The Big Move: Leaving the Country for the City

Every year, millions of people around the globe leave their countryside homes for the city. Though rural areas are known for being much more peaceful, they don’t usually offer the same perks, such as employment opportunities, as urban areas prompt many of their residents to make the move. And sure enough, the moment they step foot onto a big city like Melbourne or Los Angeles, they’d be facing flourishing real estate, multi-national corporations, prestigious schools, and high-class recreational areas.

However, if your livelihood in the countryside depended on farming, for example, you might find the migration pressure rather challenging. But with proper preparation, research, and awareness of what lies ahead, you can thrive in the city in no time, and wholeheartedly call it home. Below are some pointers for gradually adjusting to urban living:

Know the Challenges

As much as you’d like to focus on the positive, it won’t hurt also to find out the potential difficulties you’d face. It will break whatever notions you have about the city, and see it with a realistic perspective.

  • Threats

By 2050, two-thirds of the world’s population is expected to dwell in urban areas. As such, the threat of poverty and environmental degradation rise.

Intensive urban growth can increase poverty rates because the local governments might not be able to keep up and provide the necessary aid for the people. And of course, with more people, more energy will be consumed, aggravating air pollution and health hazards.

Likewise, the high volume of automobiles on the roads pollutes the air, and so do tons of uncollected waste. Urban development, meanwhile, exhausts trees, animal habitats, and food sources, leading to flash floods and other environmental hazards.

  • Mental Health Issues

The hustle and bustle of city life can take a toll on your mental health. At first, it may be fascinating, but once you register the pressure it comes with, you’d be overstimulated. And according to Camille Dieterle, assistant professor of clinical occupational therapy in the USC Mrs. T.H. Chan Division of Occupational Science and Occupational Therapy, overstimulation causes fatigue, stress, being overwhelmed, mood swings, and irritability.

  • Drug Addiction

According to the Pew Research Center, drug addiction is the top pressing problem in urban communities in the U.S. A third of adults with a bachelor’s degree or more report that drug addiction is a major problem in their community, while those in upper-class communities aren’t as concerned about it. Meanwhile, 50% of lower-class adults say that drug addiction is also a major problem where they live.

Be a Responsible City Dweller

overview of the cityThe challenges above aren’t a reason to give up your city dream. You can definitely enjoy urban life; the key is to be a responsible citizen and to achieve a healthy work-life balance.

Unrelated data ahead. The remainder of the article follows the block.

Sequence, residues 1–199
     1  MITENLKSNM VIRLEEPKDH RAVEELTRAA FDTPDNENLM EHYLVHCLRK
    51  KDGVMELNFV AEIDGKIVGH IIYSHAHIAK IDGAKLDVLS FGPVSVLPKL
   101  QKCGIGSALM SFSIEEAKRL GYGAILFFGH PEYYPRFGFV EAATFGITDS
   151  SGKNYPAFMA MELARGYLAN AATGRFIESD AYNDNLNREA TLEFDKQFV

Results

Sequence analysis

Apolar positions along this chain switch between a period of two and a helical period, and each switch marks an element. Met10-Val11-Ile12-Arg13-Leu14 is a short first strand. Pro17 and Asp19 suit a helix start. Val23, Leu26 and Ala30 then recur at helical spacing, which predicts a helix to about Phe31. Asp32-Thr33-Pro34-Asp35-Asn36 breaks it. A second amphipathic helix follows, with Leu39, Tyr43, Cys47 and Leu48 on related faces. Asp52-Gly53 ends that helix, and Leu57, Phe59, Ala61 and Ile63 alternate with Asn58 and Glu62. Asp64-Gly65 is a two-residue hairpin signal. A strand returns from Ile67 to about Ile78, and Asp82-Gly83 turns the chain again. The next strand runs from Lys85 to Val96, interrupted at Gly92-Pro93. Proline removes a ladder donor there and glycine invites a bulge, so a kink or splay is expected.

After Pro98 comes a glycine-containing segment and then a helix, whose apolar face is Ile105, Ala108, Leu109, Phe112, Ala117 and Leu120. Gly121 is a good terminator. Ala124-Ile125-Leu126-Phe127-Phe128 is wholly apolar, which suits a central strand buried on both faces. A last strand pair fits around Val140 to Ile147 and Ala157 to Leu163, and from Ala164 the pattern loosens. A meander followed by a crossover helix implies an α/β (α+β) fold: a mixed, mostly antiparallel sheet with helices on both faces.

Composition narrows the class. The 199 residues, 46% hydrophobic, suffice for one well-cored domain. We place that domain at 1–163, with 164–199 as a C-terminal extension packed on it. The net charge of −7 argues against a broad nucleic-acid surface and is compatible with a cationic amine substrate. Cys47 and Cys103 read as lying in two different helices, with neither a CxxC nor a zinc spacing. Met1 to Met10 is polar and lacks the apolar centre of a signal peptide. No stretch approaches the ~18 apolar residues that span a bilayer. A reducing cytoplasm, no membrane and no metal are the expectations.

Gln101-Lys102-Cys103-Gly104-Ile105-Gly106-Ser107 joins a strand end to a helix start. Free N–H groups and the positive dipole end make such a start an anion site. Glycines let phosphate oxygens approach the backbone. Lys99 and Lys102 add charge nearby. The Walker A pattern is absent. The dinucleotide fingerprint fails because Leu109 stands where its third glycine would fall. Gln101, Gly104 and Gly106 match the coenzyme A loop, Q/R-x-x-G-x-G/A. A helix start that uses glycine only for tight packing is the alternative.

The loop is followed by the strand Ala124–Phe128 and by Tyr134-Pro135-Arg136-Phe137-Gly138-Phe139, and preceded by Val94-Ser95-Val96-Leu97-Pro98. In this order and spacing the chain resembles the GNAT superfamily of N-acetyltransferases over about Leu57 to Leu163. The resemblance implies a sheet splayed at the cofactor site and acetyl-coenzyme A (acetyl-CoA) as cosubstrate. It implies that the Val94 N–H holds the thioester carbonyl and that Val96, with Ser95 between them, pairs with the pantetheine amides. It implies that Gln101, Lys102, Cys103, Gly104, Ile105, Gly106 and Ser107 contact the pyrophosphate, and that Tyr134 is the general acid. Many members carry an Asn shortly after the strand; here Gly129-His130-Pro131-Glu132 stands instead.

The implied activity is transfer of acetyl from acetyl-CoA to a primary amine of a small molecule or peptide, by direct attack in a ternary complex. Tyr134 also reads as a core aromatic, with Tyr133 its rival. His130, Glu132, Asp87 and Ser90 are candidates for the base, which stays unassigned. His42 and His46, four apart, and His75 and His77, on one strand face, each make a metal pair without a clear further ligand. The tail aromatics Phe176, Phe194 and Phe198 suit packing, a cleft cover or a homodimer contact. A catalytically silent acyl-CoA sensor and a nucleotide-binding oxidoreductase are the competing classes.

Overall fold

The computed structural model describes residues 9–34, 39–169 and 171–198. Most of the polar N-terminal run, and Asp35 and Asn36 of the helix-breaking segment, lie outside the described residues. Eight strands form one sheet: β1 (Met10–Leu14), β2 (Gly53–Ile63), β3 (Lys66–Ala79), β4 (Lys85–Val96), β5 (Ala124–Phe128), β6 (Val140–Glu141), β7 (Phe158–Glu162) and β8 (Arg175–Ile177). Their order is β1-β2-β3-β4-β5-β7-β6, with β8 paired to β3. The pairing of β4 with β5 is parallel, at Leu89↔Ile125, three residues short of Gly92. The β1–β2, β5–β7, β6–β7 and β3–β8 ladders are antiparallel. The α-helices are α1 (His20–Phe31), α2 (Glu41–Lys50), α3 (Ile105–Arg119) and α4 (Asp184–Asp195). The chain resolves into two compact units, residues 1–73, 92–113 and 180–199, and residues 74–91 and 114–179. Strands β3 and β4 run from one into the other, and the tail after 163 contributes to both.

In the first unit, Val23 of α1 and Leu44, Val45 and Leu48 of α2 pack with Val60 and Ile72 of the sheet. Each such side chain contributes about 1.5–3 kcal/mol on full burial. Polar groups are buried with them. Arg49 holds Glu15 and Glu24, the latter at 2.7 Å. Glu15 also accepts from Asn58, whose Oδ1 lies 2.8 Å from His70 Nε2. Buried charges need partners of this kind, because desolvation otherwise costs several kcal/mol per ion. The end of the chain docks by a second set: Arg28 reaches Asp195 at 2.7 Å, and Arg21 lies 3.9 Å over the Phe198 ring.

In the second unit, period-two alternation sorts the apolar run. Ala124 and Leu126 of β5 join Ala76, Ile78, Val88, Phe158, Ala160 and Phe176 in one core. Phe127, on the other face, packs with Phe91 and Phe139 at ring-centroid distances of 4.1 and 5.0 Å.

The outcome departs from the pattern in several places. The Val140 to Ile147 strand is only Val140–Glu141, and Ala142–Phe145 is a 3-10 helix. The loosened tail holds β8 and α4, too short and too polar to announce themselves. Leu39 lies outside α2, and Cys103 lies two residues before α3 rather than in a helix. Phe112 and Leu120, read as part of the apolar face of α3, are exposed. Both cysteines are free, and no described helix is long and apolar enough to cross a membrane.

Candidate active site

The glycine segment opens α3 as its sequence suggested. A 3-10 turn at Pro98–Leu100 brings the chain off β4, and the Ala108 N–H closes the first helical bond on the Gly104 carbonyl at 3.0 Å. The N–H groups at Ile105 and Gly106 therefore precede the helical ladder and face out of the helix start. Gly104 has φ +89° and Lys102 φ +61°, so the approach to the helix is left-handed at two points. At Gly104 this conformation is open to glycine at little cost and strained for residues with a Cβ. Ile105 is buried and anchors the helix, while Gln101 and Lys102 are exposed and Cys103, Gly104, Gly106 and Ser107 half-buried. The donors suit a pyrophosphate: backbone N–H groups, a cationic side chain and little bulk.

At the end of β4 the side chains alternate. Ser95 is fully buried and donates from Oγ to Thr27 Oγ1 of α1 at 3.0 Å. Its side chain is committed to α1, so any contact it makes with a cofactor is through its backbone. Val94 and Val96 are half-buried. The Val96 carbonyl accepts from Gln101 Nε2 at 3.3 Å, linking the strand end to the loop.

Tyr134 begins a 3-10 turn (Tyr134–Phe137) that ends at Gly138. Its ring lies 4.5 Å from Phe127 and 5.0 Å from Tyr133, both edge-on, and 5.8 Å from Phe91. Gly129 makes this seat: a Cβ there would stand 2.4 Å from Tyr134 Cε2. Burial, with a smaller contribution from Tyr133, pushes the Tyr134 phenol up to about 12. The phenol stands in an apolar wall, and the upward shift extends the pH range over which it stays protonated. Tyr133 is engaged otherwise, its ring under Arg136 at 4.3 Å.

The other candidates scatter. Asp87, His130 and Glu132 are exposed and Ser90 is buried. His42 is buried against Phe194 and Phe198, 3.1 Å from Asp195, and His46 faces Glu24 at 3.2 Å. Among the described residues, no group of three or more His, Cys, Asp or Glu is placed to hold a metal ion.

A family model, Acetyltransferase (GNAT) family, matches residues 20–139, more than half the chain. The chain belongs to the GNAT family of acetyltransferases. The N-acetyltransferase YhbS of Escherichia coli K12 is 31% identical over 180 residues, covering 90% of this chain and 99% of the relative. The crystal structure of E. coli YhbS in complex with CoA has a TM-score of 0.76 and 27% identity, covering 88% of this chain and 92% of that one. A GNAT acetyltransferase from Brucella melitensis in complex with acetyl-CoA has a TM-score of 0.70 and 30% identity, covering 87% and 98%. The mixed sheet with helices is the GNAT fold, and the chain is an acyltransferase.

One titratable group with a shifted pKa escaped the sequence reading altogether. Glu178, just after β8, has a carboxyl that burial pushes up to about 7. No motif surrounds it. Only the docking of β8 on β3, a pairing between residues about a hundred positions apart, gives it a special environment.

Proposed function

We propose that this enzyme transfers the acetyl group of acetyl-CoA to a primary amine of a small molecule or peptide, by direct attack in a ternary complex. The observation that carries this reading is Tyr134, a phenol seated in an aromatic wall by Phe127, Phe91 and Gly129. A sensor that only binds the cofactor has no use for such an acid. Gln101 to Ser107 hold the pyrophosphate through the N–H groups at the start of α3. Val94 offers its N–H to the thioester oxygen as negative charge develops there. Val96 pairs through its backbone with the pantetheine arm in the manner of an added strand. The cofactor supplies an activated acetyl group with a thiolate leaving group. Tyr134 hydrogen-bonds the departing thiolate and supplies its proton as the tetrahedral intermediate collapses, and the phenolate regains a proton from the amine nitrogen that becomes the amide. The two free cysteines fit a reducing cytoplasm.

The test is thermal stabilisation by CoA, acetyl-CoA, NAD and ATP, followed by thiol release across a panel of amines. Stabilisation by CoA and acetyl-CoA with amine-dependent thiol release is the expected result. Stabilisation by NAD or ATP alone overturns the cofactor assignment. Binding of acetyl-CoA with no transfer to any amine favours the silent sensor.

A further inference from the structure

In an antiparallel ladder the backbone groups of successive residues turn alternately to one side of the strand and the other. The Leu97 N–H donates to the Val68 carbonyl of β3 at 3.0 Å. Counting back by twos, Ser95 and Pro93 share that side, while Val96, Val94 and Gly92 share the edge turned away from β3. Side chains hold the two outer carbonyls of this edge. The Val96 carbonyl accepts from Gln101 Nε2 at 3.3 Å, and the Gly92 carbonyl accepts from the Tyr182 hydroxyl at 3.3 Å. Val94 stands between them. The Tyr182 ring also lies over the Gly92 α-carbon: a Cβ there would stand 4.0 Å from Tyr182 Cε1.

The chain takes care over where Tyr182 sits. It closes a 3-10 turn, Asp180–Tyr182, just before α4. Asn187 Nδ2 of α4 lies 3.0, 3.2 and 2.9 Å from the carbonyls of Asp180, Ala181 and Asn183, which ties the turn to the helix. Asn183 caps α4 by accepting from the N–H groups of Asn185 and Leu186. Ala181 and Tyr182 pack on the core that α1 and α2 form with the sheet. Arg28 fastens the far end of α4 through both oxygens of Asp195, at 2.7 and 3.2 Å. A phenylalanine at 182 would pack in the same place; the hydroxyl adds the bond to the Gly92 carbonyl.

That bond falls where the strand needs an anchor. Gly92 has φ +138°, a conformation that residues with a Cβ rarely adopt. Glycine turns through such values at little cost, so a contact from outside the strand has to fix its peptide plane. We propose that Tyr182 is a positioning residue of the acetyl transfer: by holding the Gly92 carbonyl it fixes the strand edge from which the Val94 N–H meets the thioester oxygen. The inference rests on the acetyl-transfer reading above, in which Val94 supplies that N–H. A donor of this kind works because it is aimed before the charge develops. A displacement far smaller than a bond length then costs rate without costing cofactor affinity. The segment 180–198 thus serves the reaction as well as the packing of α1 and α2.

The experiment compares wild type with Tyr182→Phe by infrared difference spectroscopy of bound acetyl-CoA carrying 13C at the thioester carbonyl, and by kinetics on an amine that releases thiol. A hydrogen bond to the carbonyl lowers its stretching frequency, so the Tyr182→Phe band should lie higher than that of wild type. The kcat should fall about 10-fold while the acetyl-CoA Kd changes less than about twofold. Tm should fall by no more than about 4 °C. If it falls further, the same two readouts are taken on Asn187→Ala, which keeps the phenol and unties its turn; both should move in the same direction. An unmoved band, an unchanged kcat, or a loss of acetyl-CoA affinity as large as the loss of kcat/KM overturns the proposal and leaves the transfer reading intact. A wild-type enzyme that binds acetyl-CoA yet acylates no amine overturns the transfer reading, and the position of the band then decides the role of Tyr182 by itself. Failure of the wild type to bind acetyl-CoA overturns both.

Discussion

• Opt For Cleaner Transportation Methods

Instead of driving your own car, consider ride-sharing or using a bicycle. You can also opt for walking if your workplace is just nearby. Doing any of those causes the streets to have one less car, improving traffic and reducing the impact of emissions.

  • Consider Green Structural Parts for Your Home

When building or renovating your city home, consider green roofs, which capture rainwater and help cool your home and the street. Add more green features around your property as well, such as trees and sidewalk gardens.

  • Conserve Energy

If you don’t have the budget for a cleaner energy source yet, practice turning off your lights when not in use, keeping the thermostat in efficient levels, regulating the use of your air conditioner, and choosing energy-saving appliances. But even if you have a cheaper energy source, it’s still crucial and economical to control your energy consumption.

  • Grow Your Own Produce

If this is something you did in the countryside, bring it to the city, and lessen your high demand for big corporate agriculture. In turn, you can improve the working conditions in community farmers’ markets and gardens.

  • Take Care of Your Mental Health

You can de-stress in a number of simple ways, such as turning off the TV, putting down your smartphone, and taking a break from answering work emails. If you deal with several appointments in a day, try rescheduling them at a more manageable time so you can have a full day for yourself.

Unplug periodically as well by taking a stroll in the park, or anywhere close to nature. Take it as an opportunity to exercise, jogging just lightly, or walking around to burn off calories and release happy hormones.

Don’t feel guilty for sleeping in; if you need to get up early, make it a habit to sleep earlier at night so that you can get sufficient sleeping hours. Stock up on sleep essentials if you’re having a hard time dozing off, such as blackout window shades or an eye mask.

Managing your mental health will keep you balanced, preventing you from giving in to the temptation of alcohol and drugs. Coupled with being a responsible city dweller, you’d thrive in urban life and contribute a positive change to your new community.

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